U.S. Politics Is the ABC for ZTE

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China’s ZTE has narrowly escaped death, only to become living proof of the way political risk can dominate a stock’s fortunes.

The Hong Kong-listed shares of the Chinese telecom-equipment maker dropped about 40% Wednesday, in their first day of trading after a nearly two-month suspension. It has been in dire trouble since April, when the U.S. Commerce Department banned American companies from selling components to ZTE, which also makes smartphones. The Commerce Department said ZTE had breached an agreement made last year to resolve its sanctions-busting sales to North Korea and Iran.

A view of ZTE’s logo at the company's headquarters in Shenzhen, China.

A view of ZTE’s logo at the company’s headquarters in Shenzhen, China.


Photo:

stringer/epa-efe/rex/shutterstoc/EPA/Shutterstock

The company received a lifeline last week when the U.S. agreed to lift that ban in exchange for a $1 billion fine and an overhaul of its management.

That doesn’t mean ZTE is out of the woods. The U.S. could reimpose the ban in the next 10 years if ZTE fails to honor the agreement. There is also now a bipartisan move in Congress to undo the ZTE deal: Senior Republican senators have indicated President

Donald Trump

might not block such a step.

All of this is likely to make customers reluctant to deal with ZTE, especially overseas—critical, given that more than 40% of its revenue last year came from outside China. Developed-country governments are increasingly warning about the potential national-security risks of handing important infrastructure contracts to Chinese companies such as ZTE. British cybersecurity officials warned U.K. phone carriers in April to stay clear of ZTE’s equipment and services, citing concern about potential sabotage from Beijing.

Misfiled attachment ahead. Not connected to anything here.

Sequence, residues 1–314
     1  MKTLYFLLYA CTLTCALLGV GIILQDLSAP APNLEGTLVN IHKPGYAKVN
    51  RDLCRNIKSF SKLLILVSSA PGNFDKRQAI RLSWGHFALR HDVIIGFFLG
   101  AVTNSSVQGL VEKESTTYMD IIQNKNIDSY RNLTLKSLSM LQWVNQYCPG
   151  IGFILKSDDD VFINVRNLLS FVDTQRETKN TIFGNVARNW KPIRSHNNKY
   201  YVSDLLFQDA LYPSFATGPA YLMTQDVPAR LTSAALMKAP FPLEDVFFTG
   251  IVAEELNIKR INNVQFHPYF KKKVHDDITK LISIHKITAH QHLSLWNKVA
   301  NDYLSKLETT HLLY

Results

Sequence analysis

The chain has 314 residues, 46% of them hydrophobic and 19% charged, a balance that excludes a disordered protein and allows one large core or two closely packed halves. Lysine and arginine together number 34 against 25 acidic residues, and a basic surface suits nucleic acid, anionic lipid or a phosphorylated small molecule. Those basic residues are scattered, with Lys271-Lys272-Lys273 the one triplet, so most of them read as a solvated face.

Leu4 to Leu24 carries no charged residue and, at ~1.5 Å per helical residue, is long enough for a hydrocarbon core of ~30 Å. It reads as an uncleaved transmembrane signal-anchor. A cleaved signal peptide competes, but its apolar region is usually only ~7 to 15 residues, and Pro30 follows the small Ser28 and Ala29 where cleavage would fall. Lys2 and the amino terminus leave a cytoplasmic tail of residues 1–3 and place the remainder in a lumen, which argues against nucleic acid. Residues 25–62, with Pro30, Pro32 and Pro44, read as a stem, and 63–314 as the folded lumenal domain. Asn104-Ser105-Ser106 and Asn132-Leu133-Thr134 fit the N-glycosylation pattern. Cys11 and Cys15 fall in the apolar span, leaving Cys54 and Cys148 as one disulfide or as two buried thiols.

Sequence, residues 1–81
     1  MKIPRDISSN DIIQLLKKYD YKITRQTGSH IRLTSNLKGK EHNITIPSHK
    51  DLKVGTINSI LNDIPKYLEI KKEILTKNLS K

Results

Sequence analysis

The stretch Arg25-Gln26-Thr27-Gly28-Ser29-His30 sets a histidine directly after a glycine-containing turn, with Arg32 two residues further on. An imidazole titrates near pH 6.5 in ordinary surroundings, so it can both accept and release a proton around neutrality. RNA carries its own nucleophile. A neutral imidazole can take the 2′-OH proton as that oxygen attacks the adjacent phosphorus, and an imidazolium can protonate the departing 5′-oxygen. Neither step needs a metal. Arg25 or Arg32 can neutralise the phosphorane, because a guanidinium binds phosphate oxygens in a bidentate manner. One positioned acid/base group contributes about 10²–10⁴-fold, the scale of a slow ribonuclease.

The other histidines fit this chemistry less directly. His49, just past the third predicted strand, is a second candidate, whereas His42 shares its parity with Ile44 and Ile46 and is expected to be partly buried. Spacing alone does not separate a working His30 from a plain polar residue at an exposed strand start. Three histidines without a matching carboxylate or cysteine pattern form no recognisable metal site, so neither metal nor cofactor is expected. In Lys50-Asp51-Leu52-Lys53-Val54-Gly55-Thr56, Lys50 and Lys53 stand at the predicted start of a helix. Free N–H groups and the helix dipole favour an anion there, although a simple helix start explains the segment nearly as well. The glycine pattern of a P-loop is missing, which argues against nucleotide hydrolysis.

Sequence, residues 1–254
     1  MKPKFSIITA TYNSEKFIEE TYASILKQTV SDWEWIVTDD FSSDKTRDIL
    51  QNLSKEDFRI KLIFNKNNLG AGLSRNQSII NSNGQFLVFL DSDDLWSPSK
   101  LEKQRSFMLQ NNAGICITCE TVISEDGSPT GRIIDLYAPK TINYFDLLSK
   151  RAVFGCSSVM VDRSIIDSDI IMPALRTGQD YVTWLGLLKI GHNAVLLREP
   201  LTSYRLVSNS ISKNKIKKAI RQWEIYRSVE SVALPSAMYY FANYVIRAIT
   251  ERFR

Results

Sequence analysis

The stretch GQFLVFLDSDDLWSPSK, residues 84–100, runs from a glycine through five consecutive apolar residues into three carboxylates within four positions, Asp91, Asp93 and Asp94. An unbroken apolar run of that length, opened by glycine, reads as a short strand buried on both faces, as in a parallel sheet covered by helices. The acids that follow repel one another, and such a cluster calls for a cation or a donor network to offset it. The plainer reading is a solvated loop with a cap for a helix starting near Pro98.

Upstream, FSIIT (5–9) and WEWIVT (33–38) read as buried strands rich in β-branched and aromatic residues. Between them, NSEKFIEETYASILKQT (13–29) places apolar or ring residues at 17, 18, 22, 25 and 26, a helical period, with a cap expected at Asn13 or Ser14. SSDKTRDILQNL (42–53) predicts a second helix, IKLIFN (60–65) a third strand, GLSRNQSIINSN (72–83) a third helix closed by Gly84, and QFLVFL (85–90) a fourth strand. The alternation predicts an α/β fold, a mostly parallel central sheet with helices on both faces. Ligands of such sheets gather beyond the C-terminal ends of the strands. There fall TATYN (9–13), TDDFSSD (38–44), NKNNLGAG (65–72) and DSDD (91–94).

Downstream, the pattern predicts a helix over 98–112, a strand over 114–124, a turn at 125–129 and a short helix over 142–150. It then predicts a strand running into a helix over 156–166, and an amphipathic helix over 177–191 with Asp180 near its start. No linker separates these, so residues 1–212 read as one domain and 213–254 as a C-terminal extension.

After Wednesday’s plunge, ZTE’s Hong Kong-listed shares trade at a cheap-looking 10 times this year’s expected earnings, according to S&P Global Market Intelligence. But analysts have barely adjusted their estimates yet. It may take some time for ZTE to pick up steam, following the recent disruption of its operations and a complete revamp of its management. And with a sharply lower share price, it may also be more costly for it to fund its planned $6.7 billion investment in 5G technology, a potential growth engine for equipment companies. ZTE said in January it planned to raise $2 billion by issuing shares in Shenzhen: It is unclear if that will still go ahead.

Investors should hesitate before re-connecting with ZTE.

Write to Jacky Wong at JACKY.WONG@wsj.com

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